Theater Review: “The Merchant of Venice”
If you haven’t hemorrhaged over the grim news surrounding Swiss bank UBS’s $2.3 billion rogue trading loss, then Henley Street Theatre’s production The Merchant of Venice reads like a headline in the Wall Street Journal that investment bankers and stock traders are behaving badly, again.
Business ethics in Venice permeate as tenuously in director James Ricks’ modernized, conspicuously commoditized interpretation as it does on Wall Street these days.
For those unfamiliar with the plot, William Shakespeare’s tragicomedy is controversial for the anti-Semitism that subverts the business relationship between the two main characters: Antonio, the eponymous merchant of Venice in need of a loan and Shylock, the detested Jewish moneylender. While this production has its assets (Ryan Gallagher’s lounge-music sound design, Andrew Bonniwell’s pastel, somber lighting, and Stephanie O’Brien’s sharply tailored costumes all coalesce together perfectly to transport us into the consumerist society of the 21st century), Ricks’ intent to make Shakespeare politically correct vitiates the production’s profitability.
In order to appease contemporary sensibilities, Ricks censors the plot’s anti-Semitic volatility. He constructs a convention in which “highly-educated” characters never utter racist epithets towards Shylock while the “less-educated” characters use pronounced anti-Semitic pejoratives without hesitation. Ricks has also rewritten the play’s tragic ending that strips Shylock of his very identity. This interpretive concept is specious since anti-Semitism crosses all socio-educational domains and, alternatively, you can find philo-Semites among all occupational levels.
Ricks, moreover, has transformed Antonio into a woman named Antonia (a rigid Kimberly Jones Clark). He does this, through his own admission, to erase any intimations of homoeroticism in the play and to show that women play important roles in commerce in the 21st century. Sorry, readers, you won’t be seeing any Venetian “men-at-work” after-hours in this show. Yet, to the performance’s disadvantage, these conventions mortgage the show to a handful of subprime vulnerabilities.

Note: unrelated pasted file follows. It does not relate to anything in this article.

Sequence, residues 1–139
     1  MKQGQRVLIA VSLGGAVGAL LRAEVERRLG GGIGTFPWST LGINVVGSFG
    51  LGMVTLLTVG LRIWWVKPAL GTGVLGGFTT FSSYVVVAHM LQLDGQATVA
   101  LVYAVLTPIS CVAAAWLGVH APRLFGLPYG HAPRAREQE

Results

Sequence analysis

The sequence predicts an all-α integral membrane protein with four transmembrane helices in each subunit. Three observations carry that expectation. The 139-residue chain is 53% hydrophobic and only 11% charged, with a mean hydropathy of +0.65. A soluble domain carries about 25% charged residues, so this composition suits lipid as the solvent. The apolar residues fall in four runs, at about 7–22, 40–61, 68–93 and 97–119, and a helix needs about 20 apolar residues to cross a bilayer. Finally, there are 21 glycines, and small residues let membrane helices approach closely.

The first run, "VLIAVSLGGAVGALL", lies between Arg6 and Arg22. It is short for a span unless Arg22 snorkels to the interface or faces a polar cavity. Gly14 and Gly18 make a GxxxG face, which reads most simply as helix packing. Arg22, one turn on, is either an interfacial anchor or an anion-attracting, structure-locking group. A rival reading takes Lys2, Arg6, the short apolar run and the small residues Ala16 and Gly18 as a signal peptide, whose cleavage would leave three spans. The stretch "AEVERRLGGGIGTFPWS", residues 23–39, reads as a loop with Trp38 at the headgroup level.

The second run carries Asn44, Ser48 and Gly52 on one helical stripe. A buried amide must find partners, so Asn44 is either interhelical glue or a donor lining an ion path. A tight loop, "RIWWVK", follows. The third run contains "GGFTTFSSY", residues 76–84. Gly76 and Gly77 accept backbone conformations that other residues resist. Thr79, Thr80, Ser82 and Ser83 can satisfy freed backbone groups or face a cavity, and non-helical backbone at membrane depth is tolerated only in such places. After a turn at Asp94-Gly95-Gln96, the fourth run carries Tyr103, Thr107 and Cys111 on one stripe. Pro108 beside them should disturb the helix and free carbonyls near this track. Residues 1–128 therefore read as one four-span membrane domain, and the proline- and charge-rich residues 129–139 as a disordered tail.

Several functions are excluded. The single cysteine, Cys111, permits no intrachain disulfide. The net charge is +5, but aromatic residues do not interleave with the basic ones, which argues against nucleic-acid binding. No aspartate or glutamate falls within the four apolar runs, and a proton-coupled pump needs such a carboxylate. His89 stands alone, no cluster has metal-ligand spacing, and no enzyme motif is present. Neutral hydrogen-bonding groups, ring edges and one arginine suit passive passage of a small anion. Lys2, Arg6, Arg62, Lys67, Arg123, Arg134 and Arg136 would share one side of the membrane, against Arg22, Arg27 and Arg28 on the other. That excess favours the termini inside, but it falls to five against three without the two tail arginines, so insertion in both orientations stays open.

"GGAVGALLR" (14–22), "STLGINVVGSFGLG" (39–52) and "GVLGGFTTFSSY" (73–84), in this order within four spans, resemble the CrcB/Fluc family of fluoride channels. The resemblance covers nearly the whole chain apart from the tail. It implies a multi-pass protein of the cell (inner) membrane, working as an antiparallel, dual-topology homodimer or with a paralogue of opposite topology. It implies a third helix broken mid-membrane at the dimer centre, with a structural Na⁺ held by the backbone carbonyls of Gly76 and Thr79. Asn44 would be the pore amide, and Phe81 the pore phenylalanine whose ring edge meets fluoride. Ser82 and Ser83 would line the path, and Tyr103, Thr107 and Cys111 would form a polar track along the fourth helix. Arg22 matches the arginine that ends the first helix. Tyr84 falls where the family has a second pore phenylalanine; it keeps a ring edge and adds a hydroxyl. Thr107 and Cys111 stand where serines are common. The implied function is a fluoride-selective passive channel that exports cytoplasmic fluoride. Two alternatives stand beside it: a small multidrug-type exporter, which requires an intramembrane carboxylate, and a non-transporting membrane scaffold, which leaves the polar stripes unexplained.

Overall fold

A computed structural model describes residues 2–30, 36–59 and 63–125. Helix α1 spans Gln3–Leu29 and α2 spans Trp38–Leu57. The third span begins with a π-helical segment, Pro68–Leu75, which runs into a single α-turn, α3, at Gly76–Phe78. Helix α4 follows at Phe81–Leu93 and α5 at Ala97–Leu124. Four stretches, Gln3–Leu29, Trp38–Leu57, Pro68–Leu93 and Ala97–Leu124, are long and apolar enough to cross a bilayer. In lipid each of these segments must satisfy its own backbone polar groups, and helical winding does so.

What is it about Shylock that makes him such a “shanda for the goyim”? Shylock charges a pound of flesh as interest on the loan Antonia seeks for her over-leveraged, love-struck friend, Bassanio (an unwieldy Greg Joubert) who needs financing to woo the heiress Portia (an adroit and ethereal Liz Blake White). In the original piece, Antonio, the devout Christian, hates Shylock because he is a Jew and usurer. In Ricks’ version, Antonia hates him because of his unscrupulous business practices.
While I don’t doubt censoring Antonia’s anti-Semitism has commendable intentions, it’s without much consequence. The obstruction leaves the conflict between Antonia and Shylock bereft of its incendiary, sadistic epicenter and, ultimately, the ferocious animosity between Antonia and Shylock feels asphyxiated and out of place in 21st century business.
Shylock (Jeff Clevenger) struggles a bit to cement his characterization as a psychopathic Jewish businessman and victimized outsider when we first meet him in his office playing with his MacBook but he gains Judaic credibility in the trial scene in Act IV. Clevenger’s a bit tender in his portrayal as Shylock, and he couldn’t quite garner my sympathy. A quibble I have is there are no outward signs that he is Jewish until he enters the courtroom wearing a kippah. (I don’t understand: does he convert to Hassidism before the trial?)
Standout actors include Adrian Grantz as Gratiano, who has a real thuggish attitude to him; Phil Vollmer as Launcelot, Shylock’s servant, who schemes against his master with exaggerated, yet pristine diction and pulls most of the weight in this comedy. (It’s OK to laugh in this show; it’s meant to be a comedy after all albeit woeful.) VCU sophomore Lauren Davis brings an authentic teenage contrariness yet youthful innocence to her character as Shylock’s daughter, Jessica.
3 out of 5 Stars
“The Merchant of Venice” runs through October 15, 2011 at SPARC. For more information or to purchase tickets, please visit http://henleystreettheatre.org/ Photo credit Henley Street Theatre Company.
Matthew Miller is the former arts editor and chief theater critic for GAYRVA.com. A Chicago native, he holds a B.A. from the University of Illinois at Urbana-Champaign. He currently resides in Richmond, VA and is a member of the Richmond Theatre Critics Circle. He can be reached at firstname.lastname@example.org. Follow Matthew Miller on Twitter twitter.com/matthewkmiller
Billy Christopher Maupin (or B.C. to anyone who knows him) is a man of the theatre. He is an award winning theatrical director, an accomplished actor and a gifted singer of songs. Like many gifted artists, his artistic inspiration is based upon a personal life that largely resembles a roller coaster. As a single, 35-year-old [...]August 9, 2016
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